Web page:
Parable: The Tenth Man
April 27, 2001 1:15 p.m.
he following parable just came in from a friend, via the Internet. It's possible everyone else in America has seen it. On the other hand, it's also possible that only my friend and I have seen it.
Every night, ten men met at a restaurant for dinner. At the end of the meal, the bill would arrive. They owed $100 for the food that they shared. Every night they lined up in the same order at the cash register. The first four men paid nothing at all. The fifth, though he grumbled about the unfairness of the situation, paid $1. The sixth man, feeling generous, paid $3. The next three men paid $7, $12, and $18, respectively. The last man was required to pay the remaining balance of $59.
Well, parables do have their weaknesses. But they can be useful. Clare Boothe Luce had the habit, in search of analytical clarity, of chopping off seven zeroes to illustrate her points. Thus the population of the world was 800 (read 8 billion) and that of the United States, 30 (not 300 million).
By these devices, it is true, clarifications are more nimbly arrived at. As the parable above informs us, 10 percent of the American people (the tenth dinner guest) pay 59 percent of all the taxes. The lowest 40 percent pay none. The fifth quintile, 1 percent; the 6th, 7th, 8th, and 9th, respectively, 3, 7, 12, and 18 percent of the taxes.
The parable, of course, then brings in the drama: The proposed tax reduction of President Bush would reduce income taxes by a total of 20 percent, and the benefits of that reduction are distributed along the lines suggested for the ten diners.
And yes, the protests arise, reaching maximum volume in the matter of relieving the tenth man from his customary contribution of $59 toward the common meal, lowering it to $52.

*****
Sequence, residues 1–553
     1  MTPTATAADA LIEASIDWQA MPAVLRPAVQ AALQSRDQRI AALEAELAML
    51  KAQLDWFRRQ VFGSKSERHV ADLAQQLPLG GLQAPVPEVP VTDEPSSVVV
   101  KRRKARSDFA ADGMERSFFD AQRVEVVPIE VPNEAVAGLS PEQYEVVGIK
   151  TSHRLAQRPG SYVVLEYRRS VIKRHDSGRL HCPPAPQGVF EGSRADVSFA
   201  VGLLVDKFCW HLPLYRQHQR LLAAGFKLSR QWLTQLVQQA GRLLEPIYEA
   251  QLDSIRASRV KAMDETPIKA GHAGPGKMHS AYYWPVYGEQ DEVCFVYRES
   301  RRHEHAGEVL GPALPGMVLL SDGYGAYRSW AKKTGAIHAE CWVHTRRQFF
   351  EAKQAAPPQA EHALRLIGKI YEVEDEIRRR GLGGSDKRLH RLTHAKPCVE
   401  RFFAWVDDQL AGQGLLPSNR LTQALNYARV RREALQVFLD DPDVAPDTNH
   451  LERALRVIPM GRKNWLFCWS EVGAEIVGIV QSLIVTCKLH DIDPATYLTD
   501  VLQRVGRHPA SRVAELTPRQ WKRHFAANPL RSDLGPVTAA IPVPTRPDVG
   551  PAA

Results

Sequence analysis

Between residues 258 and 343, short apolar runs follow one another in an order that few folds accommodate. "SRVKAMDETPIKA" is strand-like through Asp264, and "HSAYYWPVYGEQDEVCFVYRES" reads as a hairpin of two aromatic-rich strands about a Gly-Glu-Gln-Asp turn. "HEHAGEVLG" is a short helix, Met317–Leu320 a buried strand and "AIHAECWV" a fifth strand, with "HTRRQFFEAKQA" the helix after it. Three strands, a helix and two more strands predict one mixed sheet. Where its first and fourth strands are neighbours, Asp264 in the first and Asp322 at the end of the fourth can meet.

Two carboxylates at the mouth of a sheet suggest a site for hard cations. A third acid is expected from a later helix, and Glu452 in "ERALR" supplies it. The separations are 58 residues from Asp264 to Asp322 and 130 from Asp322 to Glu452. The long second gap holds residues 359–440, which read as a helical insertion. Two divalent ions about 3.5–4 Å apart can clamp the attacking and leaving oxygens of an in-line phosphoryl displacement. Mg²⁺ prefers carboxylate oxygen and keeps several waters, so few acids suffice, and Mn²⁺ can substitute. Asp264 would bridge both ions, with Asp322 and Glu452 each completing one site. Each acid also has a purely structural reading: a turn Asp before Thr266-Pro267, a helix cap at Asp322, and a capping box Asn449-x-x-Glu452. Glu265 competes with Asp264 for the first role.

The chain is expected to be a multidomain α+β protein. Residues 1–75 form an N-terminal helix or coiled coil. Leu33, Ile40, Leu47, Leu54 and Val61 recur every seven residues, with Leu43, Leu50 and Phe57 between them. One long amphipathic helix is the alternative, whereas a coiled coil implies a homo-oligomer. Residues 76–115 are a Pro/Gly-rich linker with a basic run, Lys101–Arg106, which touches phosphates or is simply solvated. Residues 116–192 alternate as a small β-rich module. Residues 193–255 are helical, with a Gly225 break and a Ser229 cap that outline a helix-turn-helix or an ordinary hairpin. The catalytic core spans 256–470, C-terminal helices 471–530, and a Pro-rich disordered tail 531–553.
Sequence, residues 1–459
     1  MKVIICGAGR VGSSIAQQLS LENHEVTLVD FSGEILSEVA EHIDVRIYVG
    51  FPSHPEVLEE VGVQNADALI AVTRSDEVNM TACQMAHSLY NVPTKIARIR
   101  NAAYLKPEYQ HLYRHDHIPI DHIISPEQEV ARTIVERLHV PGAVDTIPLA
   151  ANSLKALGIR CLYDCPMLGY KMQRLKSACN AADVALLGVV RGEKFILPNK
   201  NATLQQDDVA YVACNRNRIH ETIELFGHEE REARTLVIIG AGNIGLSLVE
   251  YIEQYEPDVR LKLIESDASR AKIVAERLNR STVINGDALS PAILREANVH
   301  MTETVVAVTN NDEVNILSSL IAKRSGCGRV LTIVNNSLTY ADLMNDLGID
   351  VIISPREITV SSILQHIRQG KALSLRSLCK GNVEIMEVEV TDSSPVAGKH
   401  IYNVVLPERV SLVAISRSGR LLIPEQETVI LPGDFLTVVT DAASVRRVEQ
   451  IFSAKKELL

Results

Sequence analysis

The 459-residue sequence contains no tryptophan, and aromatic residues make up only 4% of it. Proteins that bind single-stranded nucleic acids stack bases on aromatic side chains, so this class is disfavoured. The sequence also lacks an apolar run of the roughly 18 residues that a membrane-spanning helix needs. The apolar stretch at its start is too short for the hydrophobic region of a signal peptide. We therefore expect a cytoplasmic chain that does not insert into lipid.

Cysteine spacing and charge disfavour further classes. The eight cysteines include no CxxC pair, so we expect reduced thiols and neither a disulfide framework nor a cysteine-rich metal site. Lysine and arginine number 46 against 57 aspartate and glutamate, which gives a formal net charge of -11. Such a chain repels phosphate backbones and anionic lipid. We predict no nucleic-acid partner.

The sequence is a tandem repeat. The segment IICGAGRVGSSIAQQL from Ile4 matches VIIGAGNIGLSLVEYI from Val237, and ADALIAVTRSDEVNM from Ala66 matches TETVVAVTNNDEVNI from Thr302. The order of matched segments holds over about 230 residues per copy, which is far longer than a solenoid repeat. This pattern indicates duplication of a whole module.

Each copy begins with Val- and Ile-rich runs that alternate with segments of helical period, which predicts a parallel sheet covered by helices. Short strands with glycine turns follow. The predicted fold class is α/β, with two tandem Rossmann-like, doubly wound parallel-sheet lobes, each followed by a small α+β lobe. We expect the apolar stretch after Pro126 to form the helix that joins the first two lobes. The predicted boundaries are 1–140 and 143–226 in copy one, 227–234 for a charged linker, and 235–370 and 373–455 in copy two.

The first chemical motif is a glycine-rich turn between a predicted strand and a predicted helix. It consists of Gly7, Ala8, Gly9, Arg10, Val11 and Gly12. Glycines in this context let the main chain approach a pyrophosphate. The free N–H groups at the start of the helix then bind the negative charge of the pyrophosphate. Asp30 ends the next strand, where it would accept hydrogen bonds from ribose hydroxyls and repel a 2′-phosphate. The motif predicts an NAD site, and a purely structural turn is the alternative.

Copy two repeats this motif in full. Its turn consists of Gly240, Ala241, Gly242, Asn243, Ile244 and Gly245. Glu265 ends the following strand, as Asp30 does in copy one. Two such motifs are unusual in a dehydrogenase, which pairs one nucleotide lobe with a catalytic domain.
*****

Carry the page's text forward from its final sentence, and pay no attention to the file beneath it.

Okay, but the drama is then taken to what one might call a fourth act, which is one too many. The tenth diner isn't going to be lynched because his survival is too necessary to the other nine diners. What they will do is attempt to diminish the reduction in his allocation of his benefits from the reduced dinner price and spread it among themselves. They'd like to see the tenth man continue to pay 59 percent of all taxes.
That way it doesn't hurt. Ah, but the parable writer obviously believes that it would hurt, in the long run. Because if that tenth diner tires, or is crushed into diminished productivity, he won't have the $59 to contribute to the pool, and that would be very, very inconvenient. Perhaps even life-threatening. If the restaurant has to go without that critical subsidy from the tenth diner, it might just have to reduce the rations paid out.
Granted, if the parable were refined even further, it would have to ask: What was it that caused the tenth man to be so obliging in the first place? Were they threatening to lynch him if he didn't put out? Did the tenth man plot to protect himself? Was he the critical voter in Florida in November 2000?